Older blog entries for ROB.T. (starting at number 10)

The motor count for the base module is currently at 46 motors. All the motors are in, and the brackets are 75% done. Both tables are developed and will be fairly easy to assemble. I go on vacation next week so I'm shooting for fully assembled <mechanical> base by the end of April.

A proto-type motor-driver board has been tested and works fairly well. There is, however, some start-up interference between motors that I will have to work on, I'll probably try bigger caps.

For the modules that control the legs, I've decided to modularize them. This is more expensive and more time consuming, but motor modules allow me a lot of configuration flexibility, and if I design part of the circuit incorrectly I minimize how much I have to scrap.

I've had to make a few compromises as far as the parts I want to use, but the project is moving along smoothly.

All right, I've thought about it A3I2 is probably more than I can handle right now, and it's producing stress as a change my building methods to accommodate the March 1st deadline. I really want to go, but I have got to give this robot my best effort - even if that means I don't make A3I2.

I'm sort of in one of those funks that builders get in when they tackle large projects. This project is pretty big and it is not without its share of problems. I've been building the first table (remember I call them tables because that's what they look like - fat tables), and one thing I've noticed is that it's heavy! As in ``try and keep the robot under 80 lbs.'' heavy. In fact this table weights around 40 lbs., but I'm also trying to include all the batteries in this table so the center of gravity stays low. During testing I managed to split one of the nylon gears in my protoleg - NOT a good sign.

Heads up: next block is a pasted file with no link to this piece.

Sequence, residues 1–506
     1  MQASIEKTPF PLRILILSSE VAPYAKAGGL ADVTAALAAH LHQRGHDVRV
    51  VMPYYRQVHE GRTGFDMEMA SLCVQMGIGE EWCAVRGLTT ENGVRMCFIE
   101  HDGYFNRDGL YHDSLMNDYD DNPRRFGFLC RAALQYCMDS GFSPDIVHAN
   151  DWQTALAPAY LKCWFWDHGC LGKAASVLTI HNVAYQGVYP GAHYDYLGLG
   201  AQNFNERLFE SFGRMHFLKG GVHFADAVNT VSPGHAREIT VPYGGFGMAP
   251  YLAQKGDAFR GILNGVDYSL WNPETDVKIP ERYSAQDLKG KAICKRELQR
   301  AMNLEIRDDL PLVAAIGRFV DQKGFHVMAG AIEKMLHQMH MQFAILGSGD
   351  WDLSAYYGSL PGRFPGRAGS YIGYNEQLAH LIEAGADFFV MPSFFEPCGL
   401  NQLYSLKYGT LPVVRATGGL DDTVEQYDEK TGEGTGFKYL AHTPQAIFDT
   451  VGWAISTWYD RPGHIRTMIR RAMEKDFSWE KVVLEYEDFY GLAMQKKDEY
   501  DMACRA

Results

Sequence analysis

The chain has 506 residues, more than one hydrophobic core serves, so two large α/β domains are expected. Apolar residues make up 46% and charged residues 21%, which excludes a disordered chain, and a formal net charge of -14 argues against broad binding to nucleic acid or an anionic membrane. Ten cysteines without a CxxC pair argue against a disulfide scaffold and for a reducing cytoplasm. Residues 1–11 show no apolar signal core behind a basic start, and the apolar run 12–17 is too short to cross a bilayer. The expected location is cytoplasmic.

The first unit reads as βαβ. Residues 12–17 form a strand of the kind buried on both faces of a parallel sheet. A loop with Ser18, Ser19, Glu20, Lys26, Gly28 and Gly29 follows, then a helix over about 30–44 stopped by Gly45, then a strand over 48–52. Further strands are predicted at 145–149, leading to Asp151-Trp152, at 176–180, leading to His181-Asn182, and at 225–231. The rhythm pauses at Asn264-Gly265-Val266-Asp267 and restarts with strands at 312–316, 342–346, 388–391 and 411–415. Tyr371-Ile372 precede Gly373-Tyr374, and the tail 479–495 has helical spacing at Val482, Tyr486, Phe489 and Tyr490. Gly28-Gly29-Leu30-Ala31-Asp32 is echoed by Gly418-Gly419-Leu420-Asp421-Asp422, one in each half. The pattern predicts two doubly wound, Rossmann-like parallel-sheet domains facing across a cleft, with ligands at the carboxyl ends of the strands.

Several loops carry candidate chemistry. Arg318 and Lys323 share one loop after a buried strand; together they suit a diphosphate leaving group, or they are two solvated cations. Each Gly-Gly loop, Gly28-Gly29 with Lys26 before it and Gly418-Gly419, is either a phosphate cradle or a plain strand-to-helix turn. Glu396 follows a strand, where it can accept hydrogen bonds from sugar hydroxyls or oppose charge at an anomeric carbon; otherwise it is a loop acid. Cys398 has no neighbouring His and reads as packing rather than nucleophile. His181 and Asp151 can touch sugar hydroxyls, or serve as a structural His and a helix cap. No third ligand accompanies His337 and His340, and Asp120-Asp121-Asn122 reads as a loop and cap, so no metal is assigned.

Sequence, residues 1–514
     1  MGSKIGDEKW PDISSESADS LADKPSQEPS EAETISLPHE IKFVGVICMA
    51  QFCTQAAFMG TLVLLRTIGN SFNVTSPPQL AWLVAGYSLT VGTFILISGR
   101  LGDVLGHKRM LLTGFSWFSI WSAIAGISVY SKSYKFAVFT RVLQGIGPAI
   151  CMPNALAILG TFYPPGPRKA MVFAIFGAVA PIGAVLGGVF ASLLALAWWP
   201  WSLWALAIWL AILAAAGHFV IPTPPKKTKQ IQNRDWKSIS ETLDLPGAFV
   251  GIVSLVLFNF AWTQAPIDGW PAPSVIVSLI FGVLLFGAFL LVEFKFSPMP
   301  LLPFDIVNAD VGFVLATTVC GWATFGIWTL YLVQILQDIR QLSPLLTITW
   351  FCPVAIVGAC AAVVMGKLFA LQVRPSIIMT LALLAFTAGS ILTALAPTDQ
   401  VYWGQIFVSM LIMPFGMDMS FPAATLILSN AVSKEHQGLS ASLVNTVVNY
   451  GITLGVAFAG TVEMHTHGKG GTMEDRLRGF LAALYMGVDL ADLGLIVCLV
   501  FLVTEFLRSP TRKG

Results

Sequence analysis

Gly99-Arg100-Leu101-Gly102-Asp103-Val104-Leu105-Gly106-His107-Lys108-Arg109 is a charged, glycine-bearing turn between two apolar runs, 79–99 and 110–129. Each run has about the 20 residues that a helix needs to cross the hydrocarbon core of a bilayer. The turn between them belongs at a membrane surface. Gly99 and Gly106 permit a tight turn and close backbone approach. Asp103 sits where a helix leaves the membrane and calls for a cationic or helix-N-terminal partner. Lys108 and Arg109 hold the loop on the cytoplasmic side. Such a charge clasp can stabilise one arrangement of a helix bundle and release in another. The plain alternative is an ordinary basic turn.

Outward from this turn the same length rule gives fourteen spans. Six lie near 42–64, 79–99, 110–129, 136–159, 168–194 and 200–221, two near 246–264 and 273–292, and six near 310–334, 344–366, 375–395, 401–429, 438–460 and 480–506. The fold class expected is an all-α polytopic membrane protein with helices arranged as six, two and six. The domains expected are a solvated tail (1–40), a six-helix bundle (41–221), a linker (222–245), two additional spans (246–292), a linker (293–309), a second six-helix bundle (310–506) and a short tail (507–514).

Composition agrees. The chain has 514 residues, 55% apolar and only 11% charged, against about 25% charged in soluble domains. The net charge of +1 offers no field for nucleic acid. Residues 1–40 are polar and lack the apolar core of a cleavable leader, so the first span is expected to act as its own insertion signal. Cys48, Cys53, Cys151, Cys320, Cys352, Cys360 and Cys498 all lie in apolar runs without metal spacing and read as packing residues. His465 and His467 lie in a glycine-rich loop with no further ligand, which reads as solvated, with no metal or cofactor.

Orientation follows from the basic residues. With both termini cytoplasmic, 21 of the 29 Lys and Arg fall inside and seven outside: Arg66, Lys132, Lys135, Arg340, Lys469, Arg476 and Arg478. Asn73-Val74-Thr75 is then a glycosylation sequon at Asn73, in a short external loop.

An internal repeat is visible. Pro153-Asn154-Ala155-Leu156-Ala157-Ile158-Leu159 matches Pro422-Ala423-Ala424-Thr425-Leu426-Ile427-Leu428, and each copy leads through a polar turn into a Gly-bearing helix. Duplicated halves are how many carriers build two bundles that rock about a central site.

I'm having a hard time isolating parts of the project. The right thing to do would be to build a leg, test it, build a table, test it, add legs. Etc. What's really happening is I'm starting to build the entire robot. I've almost completed the first table, and soon I'll be building the second table. But maybe this isn't so bad since the tables are fairly unsophisticated.

At the same time I have yet to get a motor running, and that's bad. Part of this problem is I don't have any experience with strain gages/current sensing. Also instead of testing the different elements I just threw together the main board (minus amplifiers) and now it looks kind of daunting. Another problem is, because my memory is so poor, every time I sit down to program I have to relearn everything, language, how to hook the emulator up, everything. Luckily I keep notes, if only I can remember where I put them...

Yet another item that will make my life difficult in the near future - I haven't figured out how to test the base module in an incremental mode. In other words, the best thing that could happen is I set the beast on the floor, tell it to walk, and it walks. What's really going to happen is a series of balance problems, problems figuring out how to make the robot take steps, etc. At this stage if I mess up too bad, I break gears/motors and there are no replacements because my motor source dried up.